Years ago, my grandparents were robbed. While going through the house and noting the missing items, my grandmother told my mother she was grateful they did not find the family silverware hidden in the attic staircase. This was the first time my mother had heard of the hiding place and told my grandmother, “I would have sold this house having never found the silverware.”
Nearly everyone has a hiding place for a few special, tangible items, and increasingly many individuals have assets that are not easy to identify or locate. After the death of the owner of such assets, it can be very difficult for the personal representative of the estate to locate and take possession of all of the decedent’s assets. (more…)
Originally posted on bryancavefiduciarylitigation.com
When it comes to will execution, sometimes the belt and suspenders approach may be well advised. But, other times, less is more. Like, perhaps, when it comes to the number of witnesses. When state law requires that you only need a set number of witnesses to a will, the Court of Appeals of Tennessee’s opinion in the will contest case of Estate of Woolverton shows us the potential problems that may arise when you bring in extra, unnecessary witnesses.
In Tennessee, the execution of a will requires only two witnesses. Three witnesses, however, signed the will of Dennis R. Woolverton. At a hearing on the will contest, only two of the three witnesses and a notary public testified about the signatures on the purported will. The trial court held that the document was the decedent’s validly executed will and admitted it to probate. (more…)
Recent news stories such as that of Marlise Muñoz in Texas and auto racing star Michael Schumacher serve as a reminder of the importance of discussing your wishes with others regarding end-of-life care. Select someone you trust to make those decisions on your behalf in case you become incapacitated, and sign the documents required to empower that person to act for you if necessary.
Most Americans say they want to die at home, surrounded by family and friends. But data from Medicare shows only about a third of elderly patients die this way. Taking a few small steps now can go a long way toward ensuring that your wishes are respected when the time comes.
You can start by talking to your family, your friends, and your doctors about your wishes in terms of death-delaying care in the event you are unable to make those decisions for yourself. Do you want “extraordinary” measures taken to prolong your life, such as major surgery or a mechanical respirator? What about artificial nutrition and hydration? Under what conditions? Is the cost of procedures to be taken into consideration? Do you wish to remain at home rather than be transferred to a hospital or nursing facility? Do you want to be an organ donor? Do you want to be buried or cremated? For help getting the conversation started, visit deathoverdinner.org. The website was launched last year for precisely this purpose. It provides invitation language, reading materials, conversation prompts, and hosting tips, among other things.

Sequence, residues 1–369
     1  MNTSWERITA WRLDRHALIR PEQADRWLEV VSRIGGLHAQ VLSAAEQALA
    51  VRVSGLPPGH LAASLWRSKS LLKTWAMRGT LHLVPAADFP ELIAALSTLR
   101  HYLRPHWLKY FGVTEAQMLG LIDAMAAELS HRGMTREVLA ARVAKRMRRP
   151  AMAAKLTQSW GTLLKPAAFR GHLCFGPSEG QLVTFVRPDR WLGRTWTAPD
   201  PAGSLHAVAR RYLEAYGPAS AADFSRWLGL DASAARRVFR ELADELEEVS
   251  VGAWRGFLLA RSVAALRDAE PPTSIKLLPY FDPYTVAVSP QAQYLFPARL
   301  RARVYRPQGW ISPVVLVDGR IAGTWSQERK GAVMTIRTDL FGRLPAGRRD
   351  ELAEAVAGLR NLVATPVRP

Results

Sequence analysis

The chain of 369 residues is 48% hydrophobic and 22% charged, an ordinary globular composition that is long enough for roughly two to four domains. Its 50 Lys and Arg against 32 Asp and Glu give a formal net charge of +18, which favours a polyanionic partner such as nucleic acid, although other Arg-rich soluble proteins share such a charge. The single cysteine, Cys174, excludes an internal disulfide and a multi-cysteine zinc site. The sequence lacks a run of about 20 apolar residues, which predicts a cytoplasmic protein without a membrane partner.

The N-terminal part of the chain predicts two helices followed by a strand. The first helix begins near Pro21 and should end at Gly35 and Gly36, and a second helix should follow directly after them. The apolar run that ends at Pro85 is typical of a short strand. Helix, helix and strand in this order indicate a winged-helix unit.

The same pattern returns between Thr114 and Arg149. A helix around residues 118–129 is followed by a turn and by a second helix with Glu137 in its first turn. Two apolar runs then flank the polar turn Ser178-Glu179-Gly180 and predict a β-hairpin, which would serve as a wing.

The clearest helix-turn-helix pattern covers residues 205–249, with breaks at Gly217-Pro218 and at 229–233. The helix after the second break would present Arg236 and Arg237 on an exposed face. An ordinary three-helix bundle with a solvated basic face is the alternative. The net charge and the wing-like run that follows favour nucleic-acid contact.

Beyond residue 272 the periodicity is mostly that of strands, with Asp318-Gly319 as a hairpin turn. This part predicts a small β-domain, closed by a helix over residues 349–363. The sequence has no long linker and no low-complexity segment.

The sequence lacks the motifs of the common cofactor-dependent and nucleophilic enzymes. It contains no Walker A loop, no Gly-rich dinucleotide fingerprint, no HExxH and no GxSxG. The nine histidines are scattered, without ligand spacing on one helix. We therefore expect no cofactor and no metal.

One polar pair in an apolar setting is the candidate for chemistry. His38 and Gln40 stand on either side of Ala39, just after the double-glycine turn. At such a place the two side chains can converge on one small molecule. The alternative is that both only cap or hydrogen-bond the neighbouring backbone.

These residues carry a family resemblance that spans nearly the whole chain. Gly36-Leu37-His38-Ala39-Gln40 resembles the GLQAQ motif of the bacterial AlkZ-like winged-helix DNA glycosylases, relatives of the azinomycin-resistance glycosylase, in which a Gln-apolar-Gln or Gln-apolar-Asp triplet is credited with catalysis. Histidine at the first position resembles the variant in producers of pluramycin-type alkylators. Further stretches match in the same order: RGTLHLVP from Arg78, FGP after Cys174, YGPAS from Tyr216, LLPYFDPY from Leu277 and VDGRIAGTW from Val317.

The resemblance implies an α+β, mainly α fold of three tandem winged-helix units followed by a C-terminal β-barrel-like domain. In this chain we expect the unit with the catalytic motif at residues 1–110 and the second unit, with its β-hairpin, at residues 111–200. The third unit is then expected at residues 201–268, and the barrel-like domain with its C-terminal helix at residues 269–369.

After you’ve shared your wishes with others, it’s important to select the person (or persons) you would like to have act on your behalf, if necessary. Typically referred to as an “agent,” a “health care surrogate,” or an “attorney-in-fact for health care decisions,” this person is authorized under an advance directive or a healthcare power of attorney to communicate with your physicians and make medical decisions for you if you are incapacitated. This should be someone you trust and who knows your wishes regarding medical treatment and end-of-life care and will be able to make decisions for you in accordance with those wishes. Typically you would designate only one person at a time to serve as your attorney-in-fact for health care decisions. However, you may be able to designate multiple individuals as your attorneys-in-fact for health care decisions. If more than one person is designated – my three children acting jointly, for example – consider whether any one or more of the persons designated may act alone, or if you want decisions made by majority rule. And be sure to appoint one or more successor attorney(s)-in-fact for health care decisions, to serve if your first choice is unable or unwilling to serve.
Put it in writing. According to the New York Times, only about 47% of Americans over age 40 have advance directives or living wills. State law governs what you will need in order to authorize another person to make medical decisions for you. Depending on your state, you may need what’s called an advance directive, a living will, and/or a healthcare power of attorney. A good resource for state forms and other information related to end-of-life issues is caringinfo.org. For questions regarding how to complete forms, you should consult your attorney.